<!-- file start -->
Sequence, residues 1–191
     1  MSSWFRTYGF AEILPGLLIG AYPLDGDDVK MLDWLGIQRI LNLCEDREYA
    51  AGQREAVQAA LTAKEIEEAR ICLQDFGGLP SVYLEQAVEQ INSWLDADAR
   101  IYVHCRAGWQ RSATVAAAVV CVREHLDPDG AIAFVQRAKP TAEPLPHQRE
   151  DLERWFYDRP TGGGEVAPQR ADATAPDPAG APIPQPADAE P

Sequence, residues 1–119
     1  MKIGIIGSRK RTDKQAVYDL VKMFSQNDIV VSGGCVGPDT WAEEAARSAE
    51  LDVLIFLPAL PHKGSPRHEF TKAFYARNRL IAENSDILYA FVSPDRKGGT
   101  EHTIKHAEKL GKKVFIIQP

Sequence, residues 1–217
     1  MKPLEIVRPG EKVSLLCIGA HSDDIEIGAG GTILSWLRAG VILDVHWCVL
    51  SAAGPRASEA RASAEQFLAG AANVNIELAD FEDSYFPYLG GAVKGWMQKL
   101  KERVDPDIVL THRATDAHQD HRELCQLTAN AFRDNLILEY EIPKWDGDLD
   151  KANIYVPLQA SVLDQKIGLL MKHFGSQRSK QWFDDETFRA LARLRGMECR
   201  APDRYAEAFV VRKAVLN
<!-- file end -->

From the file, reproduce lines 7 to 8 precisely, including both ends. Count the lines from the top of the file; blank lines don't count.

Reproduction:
     1  MKIGIIGSRK RTDKQAVYDL VKMFSQNDIV VSGGCVGPDT WAEEAARSAE
    51  LDVLIFLPAL PHKGSPRHEF TKAFYARNRL IAENSDILYA FVSPDRKGGT